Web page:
The Cambodian People’s Party (CPP) of Prime Minister Hun Sen dominated the local elections held in Cambodia on June 5, winning, according to initial counts, the vast majority of the seats of commune chiefs and councilors – and around 75% of the votes, against 22% for the “Candlelight Party”, or “Party of the Candle”, which after only a few months of existence – it was created last October – has become the main opposition force. In 2017, the regime of Prime Minister Hun Sen, 69, the strong man of the country, in power since 1985, dissolved the formation of his main competitor at the time and arrested hundreds of opponents and activists.
While the opposition has admitted defeat, it also denounces the CPP’s persistent control over all institutions, in particular the National Elections Committee, which is supposed to be independent. Candlelight Party Vice President Thach Setha told the World that “these elections were less free and less fair than five years ago, even if there was no violence, because there were forms of intimidation in many places”. He takes as an example the fact that, “in each polling station, voters had to vote in the presence of PPC officials, who registered the names”. The PPC has the advantage of being very well established, and for a long time, in rural areas.
Lack of transparency of the denounced ballot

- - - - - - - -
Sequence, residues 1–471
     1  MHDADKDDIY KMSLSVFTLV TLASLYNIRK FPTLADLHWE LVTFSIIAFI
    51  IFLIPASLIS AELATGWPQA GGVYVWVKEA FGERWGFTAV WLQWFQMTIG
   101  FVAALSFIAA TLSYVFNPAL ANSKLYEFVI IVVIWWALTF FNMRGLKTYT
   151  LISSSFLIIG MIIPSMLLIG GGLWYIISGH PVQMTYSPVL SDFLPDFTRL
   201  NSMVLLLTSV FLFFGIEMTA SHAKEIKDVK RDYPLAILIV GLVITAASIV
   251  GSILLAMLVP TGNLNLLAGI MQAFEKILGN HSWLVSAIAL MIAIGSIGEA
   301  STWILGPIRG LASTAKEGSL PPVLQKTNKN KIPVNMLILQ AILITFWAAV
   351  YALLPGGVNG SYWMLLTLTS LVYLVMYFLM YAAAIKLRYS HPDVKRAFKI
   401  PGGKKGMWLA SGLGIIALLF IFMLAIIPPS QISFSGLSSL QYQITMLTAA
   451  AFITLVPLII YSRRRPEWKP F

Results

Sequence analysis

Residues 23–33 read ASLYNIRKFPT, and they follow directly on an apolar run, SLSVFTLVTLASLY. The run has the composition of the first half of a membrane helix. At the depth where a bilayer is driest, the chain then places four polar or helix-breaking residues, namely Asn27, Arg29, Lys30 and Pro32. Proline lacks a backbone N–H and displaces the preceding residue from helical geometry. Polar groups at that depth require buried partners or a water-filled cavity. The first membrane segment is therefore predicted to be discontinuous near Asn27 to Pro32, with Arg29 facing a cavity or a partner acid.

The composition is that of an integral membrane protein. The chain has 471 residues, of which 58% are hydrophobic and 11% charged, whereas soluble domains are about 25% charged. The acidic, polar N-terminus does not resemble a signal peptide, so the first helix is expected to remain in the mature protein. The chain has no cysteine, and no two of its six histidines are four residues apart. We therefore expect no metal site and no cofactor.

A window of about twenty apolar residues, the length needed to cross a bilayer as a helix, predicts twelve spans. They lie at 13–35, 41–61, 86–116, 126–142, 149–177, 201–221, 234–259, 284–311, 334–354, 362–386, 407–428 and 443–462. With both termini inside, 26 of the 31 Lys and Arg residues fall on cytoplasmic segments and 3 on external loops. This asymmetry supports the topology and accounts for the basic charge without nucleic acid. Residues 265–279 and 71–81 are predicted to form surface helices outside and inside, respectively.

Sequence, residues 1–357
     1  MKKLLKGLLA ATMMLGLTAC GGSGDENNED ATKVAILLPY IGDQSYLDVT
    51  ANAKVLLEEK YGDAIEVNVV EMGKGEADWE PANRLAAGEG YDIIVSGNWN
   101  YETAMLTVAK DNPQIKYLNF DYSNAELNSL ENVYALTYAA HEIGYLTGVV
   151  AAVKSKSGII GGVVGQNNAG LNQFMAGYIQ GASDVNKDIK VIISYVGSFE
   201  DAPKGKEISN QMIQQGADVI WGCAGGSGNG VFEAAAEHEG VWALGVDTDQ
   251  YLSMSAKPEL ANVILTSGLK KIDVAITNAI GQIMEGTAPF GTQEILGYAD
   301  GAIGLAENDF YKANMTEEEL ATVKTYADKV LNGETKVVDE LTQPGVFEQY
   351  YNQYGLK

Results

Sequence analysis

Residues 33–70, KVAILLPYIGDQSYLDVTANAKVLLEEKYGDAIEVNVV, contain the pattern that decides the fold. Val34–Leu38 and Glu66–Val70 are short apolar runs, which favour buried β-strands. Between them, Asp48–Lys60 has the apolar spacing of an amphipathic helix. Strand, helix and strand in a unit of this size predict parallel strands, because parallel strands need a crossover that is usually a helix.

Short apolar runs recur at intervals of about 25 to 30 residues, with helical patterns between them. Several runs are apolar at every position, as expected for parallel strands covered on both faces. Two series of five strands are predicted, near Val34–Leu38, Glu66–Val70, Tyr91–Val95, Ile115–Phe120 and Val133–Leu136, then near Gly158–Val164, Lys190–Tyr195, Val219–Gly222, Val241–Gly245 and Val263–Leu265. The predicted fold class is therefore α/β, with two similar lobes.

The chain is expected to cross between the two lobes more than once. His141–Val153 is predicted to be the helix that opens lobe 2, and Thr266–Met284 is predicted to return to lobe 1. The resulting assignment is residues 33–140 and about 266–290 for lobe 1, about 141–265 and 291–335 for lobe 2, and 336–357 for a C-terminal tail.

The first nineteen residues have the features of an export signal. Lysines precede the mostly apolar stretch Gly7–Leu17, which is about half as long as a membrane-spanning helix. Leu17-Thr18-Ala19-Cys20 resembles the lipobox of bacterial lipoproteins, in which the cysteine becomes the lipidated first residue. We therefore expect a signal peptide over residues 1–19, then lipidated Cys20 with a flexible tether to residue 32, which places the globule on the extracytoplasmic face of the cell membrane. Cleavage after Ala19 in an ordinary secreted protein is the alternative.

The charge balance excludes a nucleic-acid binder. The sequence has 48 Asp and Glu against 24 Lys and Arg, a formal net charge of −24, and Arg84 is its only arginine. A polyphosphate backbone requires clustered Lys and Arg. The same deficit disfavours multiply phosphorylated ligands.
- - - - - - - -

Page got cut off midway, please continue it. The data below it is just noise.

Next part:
The Candlelight Party is the only opposition party to have presented candidates in almost all of the 1,652 municipalities out of the 15 other small parties taking part in the elections. But it is far from the score obtained by its predecessor, the National Rescue Party of Cambodia (PSNC), in the local elections of 2017: it then won a third of the seats and 44% of the votes, a sign that the CPP was seriously losing speed. It was dissolved by the Supreme Court a few months after the election on the grounds that it was conspiring to “overthrow the government” and its president, Kem Sokha, arrested for treason – his trial is still ongoing. Without credible opposition, the CPP won all the seats in the 2018 legislative elections, giving Hun Sen’s regime the air of a one-party regime. Because, despite the dominant position of the CPP, the strong man of Cambodia had to deal for years with the opposition and govern in coalition.
The Candlelight Party is the reincarnation of the party of Sam Rainsy, the long-term opponent, several times condemned and then pardoned, today in exile in Paris. Architect of the opposition union which gave birth to the PSNC in 2012, after the merger of his party and that of Kem Sokha, Mr. Rainsy, 73, was sentenced in absentia for conspiracy to twenty-five years in prison, in March 2021. If he gives moral support to the Candlelight Party, he rejects any active involvement: a law exposes to dissolution any party linked to a person who has been convicted. While denouncing the lack of transparency and fairness of the ballot, Sam Rainsy rejoiced on Twitter that “every seat won is one seat less for the autocratic regime of Hun Sen”.
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In Cambodia, the revival of opposition to the Hun Sen regime
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